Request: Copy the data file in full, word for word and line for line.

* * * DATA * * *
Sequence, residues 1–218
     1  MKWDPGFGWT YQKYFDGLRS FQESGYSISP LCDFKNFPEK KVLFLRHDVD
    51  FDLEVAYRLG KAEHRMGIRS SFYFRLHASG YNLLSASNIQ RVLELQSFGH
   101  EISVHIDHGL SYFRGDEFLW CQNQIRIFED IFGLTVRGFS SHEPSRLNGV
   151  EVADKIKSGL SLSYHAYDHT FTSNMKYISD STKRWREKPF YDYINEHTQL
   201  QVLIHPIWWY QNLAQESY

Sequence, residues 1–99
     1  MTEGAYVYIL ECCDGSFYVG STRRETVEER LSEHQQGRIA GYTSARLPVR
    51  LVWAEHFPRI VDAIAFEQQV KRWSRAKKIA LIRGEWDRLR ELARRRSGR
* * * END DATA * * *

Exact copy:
Sequence, residues 1–218
     1  MKWDPGFGWT YQKYFDGLRS FQESGYSISP LCDFKNFPEK KVLFLRHDVD
    51  FDLEVAYRLG KAEHRMGIRS SFYFRLHASG YNLLSASNIQ RVLELQSFGH
   101  EISVHIDHGL SYFRGDEFLW CQNQIRIFED IFGLTVRGFS SHEPSRLNGV
   151  EVADKIKSGL SLSYHAYDHT FTSNMKYISD STKRWREKPF YDYINEHTQL
   201  QVLIHPIWWY QNLAQESY

Sequence, residues 1–99
     1  MTEGAYVYIL ECCDGSFYVG STRRETVEER LSEHQQGRIA GYTSARLPVR
    51  LVWAEHFPRI VDAIAFEQQV KRWSRAKKIA LIRGEWDRLR ELARRRSGR